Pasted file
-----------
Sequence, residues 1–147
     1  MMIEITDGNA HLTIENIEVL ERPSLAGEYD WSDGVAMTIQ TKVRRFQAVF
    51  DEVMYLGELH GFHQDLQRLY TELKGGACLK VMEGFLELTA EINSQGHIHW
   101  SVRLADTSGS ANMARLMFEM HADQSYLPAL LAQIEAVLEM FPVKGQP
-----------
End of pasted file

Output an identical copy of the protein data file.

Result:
Sequence, residues 1–147
     1  MMIEITDGNA HLTIENIEVL ERPSLAGEYD WSDGVAMTIQ TKVRRFQAVF
    51  DEVMYLGELH GFHQDLQRLY TELKGGACLK VMEGFLELTA EINSQGHIHW
   101  SVRLADTSGS ANMARLMFEM HADQSYLPAL LAQIEAVLEM FPVKGQP